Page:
False Imprisonment by a Merchant

We can all agree that theft is wrong1)talking to you Jean Valjean. But we all could also come to a general consensus in stating that it is wrong for a person to be held prisoner against his or her will without any pretext for doing so.  Then again, we can agree that a merchant should have some sort of recourse if he or she truly believe a so-called customer has been stealing merchandise.  The law pertaining to civil liability for false imprisonment tries to balance these social needs2)this is a discussion of the tort only, not the crime.

False imprisonment is an intentional tort, meaning that unlike a negligence action, the tort must have been committed purposefully.  For example, accidently locking someone in a closet is not false imprisonment. Besides needing to be intentional, false imprisonment is a product of three elements:

  1. An unlawful restraint of a person
  2. Against the will of that person
  3. Without any legal justification for doing so.

Each of these will be addressed in turn.

 

False Imprisonment and Unlawful Restraint

This element is used to evaluate the degree that the accuser was restrained against his or her will.  Obviously, physically restraining the person so he or she cannot move is sufficient, but there does not need to be actual force.  The security personnel of a shop could threaten harm, implied or direct, and that could be sufficient unlawful restraint.

 

False Imprisonment, Against the Will

Under the prong of the analysis, a judge or jury will listen to the specific facts of the incident and determine of a similarly situated “reasonable person” would have believed that the person was being held against his or her will.  If an average, reasonable person could have left the situation then there is no false imprisonment.  For example, if the security guard is holding your hand gently, that likely is not enough.  Or, if the security personnel is blocking the main exit to the room, but there is a side door open and available to be utilized, then this would not be false imprisonment either.

 

False Imprisonment and No Legal Justification

This element considers if there is legal justification for holding you in the store without your consent.  A good faith arrest and detention at the store for a reasonable period is lawful.  Nevada has a statute describing the terms that a shopkeeper may detain a customer.  Below is the pertinent section:

 

NRS 597.850  Shoplifting: Merchant may request person on premises to keep merchandise in full view; detention of suspect; immunity of merchant from liability; display of notice.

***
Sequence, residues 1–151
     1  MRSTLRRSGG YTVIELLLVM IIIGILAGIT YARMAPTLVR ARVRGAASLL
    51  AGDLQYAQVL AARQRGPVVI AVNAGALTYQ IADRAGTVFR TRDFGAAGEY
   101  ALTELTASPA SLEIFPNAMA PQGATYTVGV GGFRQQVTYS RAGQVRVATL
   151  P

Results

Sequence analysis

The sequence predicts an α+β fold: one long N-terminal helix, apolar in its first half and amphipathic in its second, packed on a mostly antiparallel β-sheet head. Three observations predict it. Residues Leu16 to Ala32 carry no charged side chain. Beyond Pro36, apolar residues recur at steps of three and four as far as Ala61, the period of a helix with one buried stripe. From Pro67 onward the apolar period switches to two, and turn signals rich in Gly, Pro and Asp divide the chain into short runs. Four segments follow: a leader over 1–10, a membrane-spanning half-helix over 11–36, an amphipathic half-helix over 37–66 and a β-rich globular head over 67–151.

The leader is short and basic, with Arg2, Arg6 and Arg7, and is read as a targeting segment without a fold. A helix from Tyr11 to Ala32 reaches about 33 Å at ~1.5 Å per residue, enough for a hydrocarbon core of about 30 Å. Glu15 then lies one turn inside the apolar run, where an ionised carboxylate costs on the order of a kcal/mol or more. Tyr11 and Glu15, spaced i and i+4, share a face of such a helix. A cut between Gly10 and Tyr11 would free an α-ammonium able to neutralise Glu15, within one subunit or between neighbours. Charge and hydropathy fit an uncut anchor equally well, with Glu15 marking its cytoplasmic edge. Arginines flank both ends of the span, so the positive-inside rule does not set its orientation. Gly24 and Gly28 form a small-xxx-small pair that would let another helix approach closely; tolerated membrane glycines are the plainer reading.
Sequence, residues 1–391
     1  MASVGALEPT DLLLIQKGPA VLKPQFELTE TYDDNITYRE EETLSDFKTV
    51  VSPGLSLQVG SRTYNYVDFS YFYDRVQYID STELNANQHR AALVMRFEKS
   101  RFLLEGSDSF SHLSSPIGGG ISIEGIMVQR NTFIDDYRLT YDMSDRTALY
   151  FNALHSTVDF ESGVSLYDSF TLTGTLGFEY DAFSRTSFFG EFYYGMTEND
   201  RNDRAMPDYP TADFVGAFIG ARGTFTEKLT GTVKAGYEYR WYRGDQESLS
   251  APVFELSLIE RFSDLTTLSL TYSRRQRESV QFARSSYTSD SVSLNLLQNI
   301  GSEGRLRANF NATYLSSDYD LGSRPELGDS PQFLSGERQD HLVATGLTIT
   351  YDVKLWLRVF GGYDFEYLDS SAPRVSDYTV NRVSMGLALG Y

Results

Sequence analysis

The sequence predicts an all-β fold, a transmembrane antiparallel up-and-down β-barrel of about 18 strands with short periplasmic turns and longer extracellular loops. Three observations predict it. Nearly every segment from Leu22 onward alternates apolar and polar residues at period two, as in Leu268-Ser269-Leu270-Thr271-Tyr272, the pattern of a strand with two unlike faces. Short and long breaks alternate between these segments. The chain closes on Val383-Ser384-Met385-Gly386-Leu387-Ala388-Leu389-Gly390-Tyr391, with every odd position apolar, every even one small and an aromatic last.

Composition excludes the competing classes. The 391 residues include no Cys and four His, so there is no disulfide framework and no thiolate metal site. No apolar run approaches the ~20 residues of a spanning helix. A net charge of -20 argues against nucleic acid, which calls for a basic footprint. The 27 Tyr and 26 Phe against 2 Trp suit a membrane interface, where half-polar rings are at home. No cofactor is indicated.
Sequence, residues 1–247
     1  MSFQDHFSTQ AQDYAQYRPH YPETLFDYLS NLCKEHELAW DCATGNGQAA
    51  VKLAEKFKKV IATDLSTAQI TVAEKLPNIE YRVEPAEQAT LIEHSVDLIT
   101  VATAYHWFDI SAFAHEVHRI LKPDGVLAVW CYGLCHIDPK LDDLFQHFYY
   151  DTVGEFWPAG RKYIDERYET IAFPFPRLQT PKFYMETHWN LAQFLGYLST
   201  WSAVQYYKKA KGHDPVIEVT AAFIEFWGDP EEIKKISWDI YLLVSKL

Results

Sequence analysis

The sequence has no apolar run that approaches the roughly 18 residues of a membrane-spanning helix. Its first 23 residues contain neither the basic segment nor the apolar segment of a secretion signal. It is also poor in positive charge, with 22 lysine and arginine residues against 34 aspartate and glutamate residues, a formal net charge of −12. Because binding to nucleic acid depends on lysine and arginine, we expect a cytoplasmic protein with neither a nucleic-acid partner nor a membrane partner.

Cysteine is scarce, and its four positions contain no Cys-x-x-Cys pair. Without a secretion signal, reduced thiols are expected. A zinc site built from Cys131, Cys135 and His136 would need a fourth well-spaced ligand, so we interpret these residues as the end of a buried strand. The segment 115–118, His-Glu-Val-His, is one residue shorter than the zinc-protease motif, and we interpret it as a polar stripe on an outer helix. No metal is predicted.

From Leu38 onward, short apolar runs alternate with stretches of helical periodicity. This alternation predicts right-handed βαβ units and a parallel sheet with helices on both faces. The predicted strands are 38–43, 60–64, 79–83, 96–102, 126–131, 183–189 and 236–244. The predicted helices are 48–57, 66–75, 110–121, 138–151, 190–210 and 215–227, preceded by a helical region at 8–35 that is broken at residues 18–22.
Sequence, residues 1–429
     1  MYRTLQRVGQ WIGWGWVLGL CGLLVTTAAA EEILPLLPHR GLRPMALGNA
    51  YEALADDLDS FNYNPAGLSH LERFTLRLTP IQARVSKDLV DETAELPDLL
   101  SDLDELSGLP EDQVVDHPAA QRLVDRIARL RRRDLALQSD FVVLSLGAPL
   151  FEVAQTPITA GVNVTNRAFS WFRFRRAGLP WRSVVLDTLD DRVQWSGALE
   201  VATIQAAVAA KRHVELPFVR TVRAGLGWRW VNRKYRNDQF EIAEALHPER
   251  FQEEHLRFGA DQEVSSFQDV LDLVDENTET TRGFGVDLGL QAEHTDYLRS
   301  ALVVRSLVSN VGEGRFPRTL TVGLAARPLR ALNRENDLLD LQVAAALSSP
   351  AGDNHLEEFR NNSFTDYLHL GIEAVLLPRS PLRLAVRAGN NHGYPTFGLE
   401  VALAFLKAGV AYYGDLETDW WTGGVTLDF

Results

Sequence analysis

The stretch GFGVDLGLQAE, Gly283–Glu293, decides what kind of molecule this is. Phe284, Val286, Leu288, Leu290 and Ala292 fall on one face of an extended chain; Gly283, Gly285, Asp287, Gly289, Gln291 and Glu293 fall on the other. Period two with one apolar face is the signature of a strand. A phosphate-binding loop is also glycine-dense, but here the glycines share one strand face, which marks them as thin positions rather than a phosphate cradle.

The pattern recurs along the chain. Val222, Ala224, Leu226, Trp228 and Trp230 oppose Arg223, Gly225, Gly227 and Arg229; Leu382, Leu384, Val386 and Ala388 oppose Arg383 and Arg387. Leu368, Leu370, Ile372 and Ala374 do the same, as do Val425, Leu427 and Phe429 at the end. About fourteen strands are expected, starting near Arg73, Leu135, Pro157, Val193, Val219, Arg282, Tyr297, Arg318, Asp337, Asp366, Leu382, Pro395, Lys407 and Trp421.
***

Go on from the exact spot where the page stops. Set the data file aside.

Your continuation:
2.  Any merchant may request any person on the merchant’s premises to place or keep in full view any merchandise the person may have removed, or which the merchant has reason to believe the person may have removed, from its place of display or elsewhere, whether for examination, purchase or for any other purpose. No merchant is criminally or civilly liable on account of having made such a request.

      3.  Any merchant who has reason to believe that merchandise has been wrongfully taken by a person and that the merchant can recover the merchandise by taking the person into custody and detaining the person may, for the purpose of attempting to effect such recovery or for the purpose of informing a peace officer of the circumstances of such detention, take the person into custody and detain the person, on the premises, in a reasonable manner and for a reasonable length of time. A merchant is presumed to have reason to believe that merchandise has been wrongfully taken by a person and that the merchant can recover the merchandise by taking the person into custody and detaining the person if the merchant observed the person concealing merchandise while on the premises. Such taking into custody and detention by a merchant does not render the merchant criminally or civilly liable for false arrest, false imprisonment, slander or unlawful detention unless the taking into custody and detention are unreasonable under all the circumstances.

      4.  No merchant is entitled to the immunity from liability provided for in this section unless there is displayed in a conspicuous place on the merchant’s premises a notice in boldface type clearly legible and in substantially the following form:

       Any merchant or his or her agent who has reason to believe that merchandise has been wrongfully taken by a person may detain such person on the premises of the merchant for the purpose of recovering the property or notifying a peace officer. An adult or the parents or legal guardian of a minor, who steals merchandise is civilly liable for its value and additional damages. NRS 597.850597.860 and 597.870.

 

The key phrase of subsection 3 states the suspected customer may only be held “in a reasonable manner and for a reasonable length of time.”  Important also (from subsection 4), is that if the merchant observed the items being stolen by the suspected customer, then the shopkeeper is protected from civil litigation unless the detention is “unreasonable under all circumstances.”  The statute balances interests of the parties by requiring reasonable behavior by the shopkeeper if a theft is not witnessed, but permits more leeway in detention of a suspect for a witnessed crime.

Footnotes   [ + ]

1. talking to you Jean Valjean
2. this is a discussion of the tort only, not the crime
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